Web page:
Standardizing forms preflighting

The corporate HQ facility does 100% of their preflighting through TWIST. If an incoming file passes preflight, TWIST tells the CSR, outputs a spec sheet for the planner, and triggers a standardized folder set ready for the job to become live.


When proofs look the same, that's good

Wright favors consistency for its customers, no matter where or how a product is produced. Whatever the product is, they do not want their proofs to look different. “While all of our plating jobs ultimately end up on another workflow we’ve used for twenty years, we let TWIST handle all of our proof standardizing. TWIST takes the files, pulls out job metadata like P.O. numbers and document specs, and sends proofs to the customers that are always formatted the same,” notes DeRoos. “In that way, Wright customers are assured of consistency and are getting the same customer experience, although the files are prepared by different systems, and printed in different facilities.”


Saving hours of times

Wright’s biggest customer over the past forty years is a large financial company. For one continuing project, postscript files were delivered daily via email from four company systems. “It took on average forty minutes a day to convert them to clean PDF files, reversing them from positive to negative. The files then were ganged and imposed manually,” says DeRoos. “We had something break internally, and I was asked to help. I configured TWIST to also act as an sFTP server and worked with the customer to modify the file delivery method so that files did not have to be delivered manually via email. Now, TWIST batch processes the files twice a day per our schedule needs, and automatically sends them to our Xinet server, where they are immediately released for a specialized plating process.”


Another time, a few months ago, Wright’s biggest folding carton customer—a print broker—requested we alter our PDF proof formatting to include extended job specs for their own folding cartons customers. It would have required an extensive process of manually typing job specifications—sometimes spending an extra thirty minutes or more per project. In short order, DeRoos developed a TWIST queue to take care of each proof on the fly. There were no prepress touches required, and it was versatile and adaptable.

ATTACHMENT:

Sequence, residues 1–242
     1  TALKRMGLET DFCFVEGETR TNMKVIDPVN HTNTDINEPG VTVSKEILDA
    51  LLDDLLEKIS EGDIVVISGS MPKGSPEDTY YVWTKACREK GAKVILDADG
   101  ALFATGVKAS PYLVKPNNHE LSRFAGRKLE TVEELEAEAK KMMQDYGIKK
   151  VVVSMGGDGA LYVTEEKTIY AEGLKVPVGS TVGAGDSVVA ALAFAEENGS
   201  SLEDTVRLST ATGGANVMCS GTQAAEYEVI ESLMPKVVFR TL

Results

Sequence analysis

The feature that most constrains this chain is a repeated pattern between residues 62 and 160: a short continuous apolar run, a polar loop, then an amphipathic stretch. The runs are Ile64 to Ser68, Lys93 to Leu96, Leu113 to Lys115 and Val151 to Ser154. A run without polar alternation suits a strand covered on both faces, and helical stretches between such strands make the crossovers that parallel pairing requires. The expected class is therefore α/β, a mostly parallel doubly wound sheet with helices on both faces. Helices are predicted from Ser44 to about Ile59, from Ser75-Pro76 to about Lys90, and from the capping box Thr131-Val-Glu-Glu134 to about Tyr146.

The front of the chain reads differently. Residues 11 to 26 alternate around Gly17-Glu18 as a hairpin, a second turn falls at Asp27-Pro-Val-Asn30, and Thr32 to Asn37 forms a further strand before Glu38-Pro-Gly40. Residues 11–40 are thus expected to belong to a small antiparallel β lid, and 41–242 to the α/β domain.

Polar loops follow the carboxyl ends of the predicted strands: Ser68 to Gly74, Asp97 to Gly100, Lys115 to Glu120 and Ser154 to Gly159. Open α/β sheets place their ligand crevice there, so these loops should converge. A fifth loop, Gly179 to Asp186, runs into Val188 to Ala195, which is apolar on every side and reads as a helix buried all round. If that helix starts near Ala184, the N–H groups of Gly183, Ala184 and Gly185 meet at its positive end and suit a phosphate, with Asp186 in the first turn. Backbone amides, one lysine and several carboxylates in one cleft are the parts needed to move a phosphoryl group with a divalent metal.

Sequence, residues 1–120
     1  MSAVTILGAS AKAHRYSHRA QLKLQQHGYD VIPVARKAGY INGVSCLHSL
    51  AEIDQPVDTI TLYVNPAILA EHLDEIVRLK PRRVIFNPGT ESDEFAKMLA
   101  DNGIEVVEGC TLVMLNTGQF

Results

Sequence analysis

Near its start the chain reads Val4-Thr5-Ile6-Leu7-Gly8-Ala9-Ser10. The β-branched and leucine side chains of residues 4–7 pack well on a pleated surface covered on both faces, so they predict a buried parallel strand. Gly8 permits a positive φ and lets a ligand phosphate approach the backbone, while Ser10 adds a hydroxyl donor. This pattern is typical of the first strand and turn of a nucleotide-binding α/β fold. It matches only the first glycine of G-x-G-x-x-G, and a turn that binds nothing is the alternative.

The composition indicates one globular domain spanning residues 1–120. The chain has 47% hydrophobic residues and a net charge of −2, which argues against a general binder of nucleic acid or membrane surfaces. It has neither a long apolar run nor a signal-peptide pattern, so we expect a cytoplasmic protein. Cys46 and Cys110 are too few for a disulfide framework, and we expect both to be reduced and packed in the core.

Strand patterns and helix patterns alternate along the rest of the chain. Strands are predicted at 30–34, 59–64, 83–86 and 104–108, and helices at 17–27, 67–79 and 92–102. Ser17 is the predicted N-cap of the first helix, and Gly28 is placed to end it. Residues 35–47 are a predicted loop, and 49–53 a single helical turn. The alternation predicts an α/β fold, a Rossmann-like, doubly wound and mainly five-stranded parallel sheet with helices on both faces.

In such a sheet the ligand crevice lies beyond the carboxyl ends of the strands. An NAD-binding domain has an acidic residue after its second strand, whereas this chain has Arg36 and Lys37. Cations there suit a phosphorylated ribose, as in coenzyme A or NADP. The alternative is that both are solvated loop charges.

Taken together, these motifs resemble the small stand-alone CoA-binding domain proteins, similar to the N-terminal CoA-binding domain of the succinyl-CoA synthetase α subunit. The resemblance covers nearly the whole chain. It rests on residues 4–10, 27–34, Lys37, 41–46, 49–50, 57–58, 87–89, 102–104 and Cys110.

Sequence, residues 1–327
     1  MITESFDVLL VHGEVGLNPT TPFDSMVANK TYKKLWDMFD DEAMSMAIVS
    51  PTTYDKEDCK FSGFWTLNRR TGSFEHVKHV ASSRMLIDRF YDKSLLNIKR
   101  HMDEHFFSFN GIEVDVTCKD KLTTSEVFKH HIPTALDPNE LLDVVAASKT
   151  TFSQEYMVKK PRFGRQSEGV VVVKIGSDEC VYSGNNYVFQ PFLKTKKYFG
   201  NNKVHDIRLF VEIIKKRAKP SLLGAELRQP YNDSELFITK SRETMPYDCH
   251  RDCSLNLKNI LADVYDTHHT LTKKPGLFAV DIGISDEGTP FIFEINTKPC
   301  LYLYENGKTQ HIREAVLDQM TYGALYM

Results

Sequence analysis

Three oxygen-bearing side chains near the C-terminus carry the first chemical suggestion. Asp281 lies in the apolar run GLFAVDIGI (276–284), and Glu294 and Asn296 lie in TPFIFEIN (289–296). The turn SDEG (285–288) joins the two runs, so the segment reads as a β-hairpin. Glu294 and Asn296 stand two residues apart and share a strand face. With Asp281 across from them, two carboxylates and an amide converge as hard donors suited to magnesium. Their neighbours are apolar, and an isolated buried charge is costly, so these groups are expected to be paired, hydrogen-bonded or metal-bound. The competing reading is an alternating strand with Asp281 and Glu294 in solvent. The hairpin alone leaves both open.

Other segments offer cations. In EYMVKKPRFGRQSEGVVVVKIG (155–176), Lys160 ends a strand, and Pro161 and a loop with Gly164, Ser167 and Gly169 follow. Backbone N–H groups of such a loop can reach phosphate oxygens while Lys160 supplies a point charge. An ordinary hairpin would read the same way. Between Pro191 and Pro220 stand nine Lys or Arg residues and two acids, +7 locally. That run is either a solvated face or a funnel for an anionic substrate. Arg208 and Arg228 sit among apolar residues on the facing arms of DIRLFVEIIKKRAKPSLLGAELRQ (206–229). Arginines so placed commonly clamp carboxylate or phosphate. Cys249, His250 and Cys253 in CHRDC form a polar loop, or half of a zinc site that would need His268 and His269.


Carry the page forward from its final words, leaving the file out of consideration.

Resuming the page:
A versatile Workflow

DeRoos likes TWIST because of its versatility and scalability. “It is very workflow agnostic and ‘plays nice’ with other solutions. It is adaptable and agile, where we can build a workflow for just about any need,” comments DeRoos. “It is exciting that we do not have to be stuck with a canned way of doing things. In my experience, TWIST has proven to be a true Swiss army knife in our industry.”


“In addition, it is user friendly once you get used to it,” adds DeRoos. “Every day we are evaluating the need for new automation. I am responding to challenges at least once every month. Right now, we are looking at ways to integrate TWIST with our B2B storefront via XML and metadata routing as well as looking at ways to augment our 3D proofing capabilities. And, as a Linux system, it’s near bullet-proof.”


TWIST has also been helpful while working remotely. DeRoos has been able to oversee his workflows, even though he has worked remotely much of the time during the peak COVID shutdown. Nothing has changed. And, while staffing during COVID has been difficult, they still do not have any problem with capacity. In fact, as work has scaled up, they have not needed to ramp up staff.


Sums up DeRoos, “TWIST is essential in this day and age. Look at what TWIST and Xinet have done for us. It’s like the Matrix. We took the red pill, which has opened our eyes and let us experience everything TWIST can do. We’ll never go back to where we were before automation.”